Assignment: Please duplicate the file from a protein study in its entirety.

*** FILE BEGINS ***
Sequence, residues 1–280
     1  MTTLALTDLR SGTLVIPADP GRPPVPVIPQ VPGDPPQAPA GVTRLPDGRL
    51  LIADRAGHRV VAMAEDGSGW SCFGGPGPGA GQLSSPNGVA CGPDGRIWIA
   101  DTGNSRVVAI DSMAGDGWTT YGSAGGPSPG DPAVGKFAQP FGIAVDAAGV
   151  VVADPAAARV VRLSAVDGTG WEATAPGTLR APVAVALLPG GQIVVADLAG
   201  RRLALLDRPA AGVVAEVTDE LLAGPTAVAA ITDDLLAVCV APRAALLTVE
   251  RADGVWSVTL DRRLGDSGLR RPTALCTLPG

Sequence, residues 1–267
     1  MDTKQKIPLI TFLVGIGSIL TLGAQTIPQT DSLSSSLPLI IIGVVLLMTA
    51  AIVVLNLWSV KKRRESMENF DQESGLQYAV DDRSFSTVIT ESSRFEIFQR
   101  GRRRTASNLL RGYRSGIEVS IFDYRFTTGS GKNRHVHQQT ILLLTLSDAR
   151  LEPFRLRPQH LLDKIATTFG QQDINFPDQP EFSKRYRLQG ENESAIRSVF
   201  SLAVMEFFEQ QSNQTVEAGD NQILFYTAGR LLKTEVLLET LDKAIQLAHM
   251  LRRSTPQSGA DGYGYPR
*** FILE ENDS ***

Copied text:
Sequence, residues 1–280
     1  MTTLALTDLR SGTLVIPADP GRPPVPVIPQ VPGDPPQAPA GVTRLPDGRL
    51  LIADRAGHRV VAMAEDGSGW SCFGGPGPGA GQLSSPNGVA CGPDGRIWIA
   101  DTGNSRVVAI DSMAGDGWTT YGSAGGPSPG DPAVGKFAQP FGIAVDAAGV
   151  VVADPAAARV VRLSAVDGTG WEATAPGTLR APVAVALLPG GQIVVADLAG
   201  RRLALLDRPA AGVVAEVTDE LLAGPTAVAA ITDDLLAVCV APRAALLTVE
   251  RADGVWSVTL DRRLGDSGLR RPTALCTLPG

Sequence, residues 1–267
     1  MDTKQKIPLI TFLVGIGSIL TLGAQTIPQT DSLSSSLPLI IIGVVLLMTA
    51  AIVVLNLWSV KKRRESMENF DQESGLQYAV DDRSFSTVIT ESSRFEIFQR
   101  GRRRTASNLL RGYRSGIEVS IFDYRFTTGS GKNRHVHQQT ILLLTLSDAR
   151  LEPFRLRPQH LLDKIATTFG QQDINFPDQP EFSKRYRLQG ENESAIRSVF
   201  SLAVMEFFEQ QSNQTVEAGD NQILFYTAGR LLKTEVLLET LDKAIQLAHM
   251  LRRSTPQSGA DGYGYPR